Bargaining update


bargaining

Agreement reached at CYF

Over 2000 PSA Child, Youth and Family members have ratified their Terms of Settlement with the Ministry of Social Development after relatively quick negotiations concluded in late January.

The Terms of Settlement included two parts: first, minor changes to the Collective Agreement that include a 2% pay increase from December 2016 and a further 2% a year later.

The second part importantly includes a medium- and long-term plan towards addressing workload issues, which has been an ongoing struggle for our members.

This plan acknowledges the need to begin addressing these issues prior to the formal establishment of Oranga Tamariki (Ministry for Vulnerable Children), which comes into effect from April 2017. This enables our members to have a strong voice in the process of identifying the key issues affecting workload, and commits to the PSA contributing to the new Ministry’s work plan.

These Terms of Settlement were received before Christmas last year and ratification meetings began in mid-January, concluding by the end of the month with 88% of members in favour.

Work and Income settlement ratified

Bargaining has also concluded for our members at Work and Income, who have secured salary rises of 2% and 2% from October 2016 and 2017 in their new Collective Agreement, which came into effect late last year.

The Agreement also includes a commitment to the Ministry upholding and reaffirming the importance of the principles of the Treaty of Waitangi in its day-to-day practice, updates to reassignment and voluntary severance clauses in the Change Management process, and increased clarity around management of hazards and risks in the workplace.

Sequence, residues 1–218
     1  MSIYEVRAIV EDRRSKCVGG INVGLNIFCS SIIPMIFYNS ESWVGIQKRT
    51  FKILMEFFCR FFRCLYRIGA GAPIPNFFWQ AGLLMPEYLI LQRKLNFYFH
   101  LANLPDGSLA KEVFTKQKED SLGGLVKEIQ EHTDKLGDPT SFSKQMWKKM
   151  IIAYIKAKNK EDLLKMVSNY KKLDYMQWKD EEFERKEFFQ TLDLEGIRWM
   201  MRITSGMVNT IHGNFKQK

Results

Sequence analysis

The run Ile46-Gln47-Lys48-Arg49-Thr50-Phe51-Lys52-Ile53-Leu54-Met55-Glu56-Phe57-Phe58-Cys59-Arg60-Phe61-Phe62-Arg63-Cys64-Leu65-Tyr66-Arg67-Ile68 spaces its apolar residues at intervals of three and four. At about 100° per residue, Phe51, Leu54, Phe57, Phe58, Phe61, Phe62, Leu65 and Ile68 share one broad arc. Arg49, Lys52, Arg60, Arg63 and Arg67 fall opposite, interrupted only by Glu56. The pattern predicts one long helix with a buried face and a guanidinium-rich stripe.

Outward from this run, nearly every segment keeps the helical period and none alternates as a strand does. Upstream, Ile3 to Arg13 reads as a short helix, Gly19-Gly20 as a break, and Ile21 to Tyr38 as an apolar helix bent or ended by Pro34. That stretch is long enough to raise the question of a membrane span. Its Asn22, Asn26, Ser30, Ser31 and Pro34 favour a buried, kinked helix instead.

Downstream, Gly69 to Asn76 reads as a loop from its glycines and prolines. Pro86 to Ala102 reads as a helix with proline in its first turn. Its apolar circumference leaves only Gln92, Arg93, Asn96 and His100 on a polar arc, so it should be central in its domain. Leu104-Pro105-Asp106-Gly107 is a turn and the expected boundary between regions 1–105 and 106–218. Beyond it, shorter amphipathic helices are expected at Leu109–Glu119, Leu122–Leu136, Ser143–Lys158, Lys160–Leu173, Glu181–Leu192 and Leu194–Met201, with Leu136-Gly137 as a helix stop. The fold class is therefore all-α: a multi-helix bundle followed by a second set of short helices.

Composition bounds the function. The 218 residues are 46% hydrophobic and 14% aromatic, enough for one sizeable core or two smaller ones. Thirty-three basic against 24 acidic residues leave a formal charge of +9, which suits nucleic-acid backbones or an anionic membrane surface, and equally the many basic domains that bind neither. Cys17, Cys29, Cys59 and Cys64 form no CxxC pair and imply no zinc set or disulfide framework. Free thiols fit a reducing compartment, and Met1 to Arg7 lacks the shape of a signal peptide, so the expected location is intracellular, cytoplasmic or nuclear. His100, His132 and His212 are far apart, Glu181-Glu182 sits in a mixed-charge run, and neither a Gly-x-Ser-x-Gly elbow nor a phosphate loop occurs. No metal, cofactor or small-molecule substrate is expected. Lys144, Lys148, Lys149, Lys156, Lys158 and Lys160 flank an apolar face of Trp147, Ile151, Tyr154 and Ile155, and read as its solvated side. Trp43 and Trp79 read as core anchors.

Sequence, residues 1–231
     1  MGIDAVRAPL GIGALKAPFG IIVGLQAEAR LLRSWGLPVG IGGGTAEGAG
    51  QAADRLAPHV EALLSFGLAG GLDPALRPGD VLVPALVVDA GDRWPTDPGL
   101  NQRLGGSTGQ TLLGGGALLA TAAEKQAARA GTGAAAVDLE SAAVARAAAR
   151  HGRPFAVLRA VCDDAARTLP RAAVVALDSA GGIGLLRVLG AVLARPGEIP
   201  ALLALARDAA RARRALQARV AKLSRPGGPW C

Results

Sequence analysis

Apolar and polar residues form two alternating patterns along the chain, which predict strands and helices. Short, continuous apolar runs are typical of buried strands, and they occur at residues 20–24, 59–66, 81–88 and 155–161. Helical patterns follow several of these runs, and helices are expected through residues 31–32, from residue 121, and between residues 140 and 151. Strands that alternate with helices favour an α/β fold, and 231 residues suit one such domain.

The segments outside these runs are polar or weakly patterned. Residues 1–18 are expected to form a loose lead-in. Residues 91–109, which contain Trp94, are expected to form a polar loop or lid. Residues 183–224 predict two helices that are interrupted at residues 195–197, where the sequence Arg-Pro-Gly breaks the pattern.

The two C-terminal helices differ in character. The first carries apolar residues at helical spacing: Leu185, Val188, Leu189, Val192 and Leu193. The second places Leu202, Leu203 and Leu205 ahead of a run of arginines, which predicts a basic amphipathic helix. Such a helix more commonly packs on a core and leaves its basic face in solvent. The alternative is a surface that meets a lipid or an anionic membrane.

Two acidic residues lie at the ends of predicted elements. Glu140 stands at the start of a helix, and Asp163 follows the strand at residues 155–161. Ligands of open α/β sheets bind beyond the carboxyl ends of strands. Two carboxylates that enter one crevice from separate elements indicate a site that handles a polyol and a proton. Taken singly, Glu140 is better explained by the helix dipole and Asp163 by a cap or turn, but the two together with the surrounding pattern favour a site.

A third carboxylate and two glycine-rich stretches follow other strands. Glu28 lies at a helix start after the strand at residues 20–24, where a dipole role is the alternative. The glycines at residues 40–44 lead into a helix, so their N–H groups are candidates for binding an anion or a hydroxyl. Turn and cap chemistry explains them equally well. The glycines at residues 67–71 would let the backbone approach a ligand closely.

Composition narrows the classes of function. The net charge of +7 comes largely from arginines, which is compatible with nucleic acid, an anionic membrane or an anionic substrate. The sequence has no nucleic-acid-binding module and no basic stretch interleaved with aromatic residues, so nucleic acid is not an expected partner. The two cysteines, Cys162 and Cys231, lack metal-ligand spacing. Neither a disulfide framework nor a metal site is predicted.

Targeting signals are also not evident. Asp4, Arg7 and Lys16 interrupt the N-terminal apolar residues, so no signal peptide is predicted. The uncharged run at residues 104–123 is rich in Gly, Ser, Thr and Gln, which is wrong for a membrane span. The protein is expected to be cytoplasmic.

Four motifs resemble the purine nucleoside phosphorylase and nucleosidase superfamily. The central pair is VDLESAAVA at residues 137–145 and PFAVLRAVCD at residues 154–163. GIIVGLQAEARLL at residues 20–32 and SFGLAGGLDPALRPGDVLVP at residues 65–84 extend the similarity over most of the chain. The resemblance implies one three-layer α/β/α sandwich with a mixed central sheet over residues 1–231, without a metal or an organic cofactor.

Part 2 of the Terms of Settlement contains an important agreement to consult with the PSA during the Ministry’s development of a work programme for the next eighteen months, with key elements of the programme centred on job descriptions and expectations, new pay bands and appropriate job sizing, and guidelines for additional Ministry investment.

The Terms also provided clarification around the granting of domestic leave for victims of domestic violence, and established a lump sum payment for PSA members. They were ratified in mid-November of last year.

maritime unionMaritime Union Lyttleton - strike

In recent months, workers at Lyttleton Port Company and members of the Lyttleton Maritime Union have been going on strike after negotiations on their new collective employment agreement floundered. 

The previous contract expired in March 2016 and negotiations on the new contract did not start until June 2016.

Strikes started in December, taking place over a series of weekends. Gary Horan, Union representative, says: “Workers had been waiting a long time to get some results and their patience was really stretched. Strike action had to be taken.”

Gary says, “During the strikes, people have been really supportive of each other and have stuck together. We had a weekly barbeque for everyone who was picketing and received support from the Lyttleton community, with local businesses chipping in free food and coffee for us, which we have been really grateful for."